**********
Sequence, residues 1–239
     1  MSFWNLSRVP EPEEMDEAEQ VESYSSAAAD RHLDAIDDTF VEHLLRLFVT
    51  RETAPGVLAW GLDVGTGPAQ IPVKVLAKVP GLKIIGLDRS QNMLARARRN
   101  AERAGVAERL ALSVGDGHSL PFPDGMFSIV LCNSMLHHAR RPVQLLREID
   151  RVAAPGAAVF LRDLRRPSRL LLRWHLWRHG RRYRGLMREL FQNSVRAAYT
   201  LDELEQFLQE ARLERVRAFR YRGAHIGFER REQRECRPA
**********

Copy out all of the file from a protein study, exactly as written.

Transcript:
Sequence, residues 1–239
     1  MSFWNLSRVP EPEEMDEAEQ VESYSSAAAD RHLDAIDDTF VEHLLRLFVT
    51  RETAPGVLAW GLDVGTGPAQ IPVKVLAKVP GLKIIGLDRS QNMLARARRN
   101  AERAGVAERL ALSVGDGHSL PFPDGMFSIV LCNSMLHHAR RPVQLLREID
   151  RVAAPGAAVF LRDLRRPSRL LLRWHLWRHG RRYRGLMREL FQNSVRAAYT
   201  LDELEQFLQE ARLERVRAFR YRGAHIGFER REQRECRPA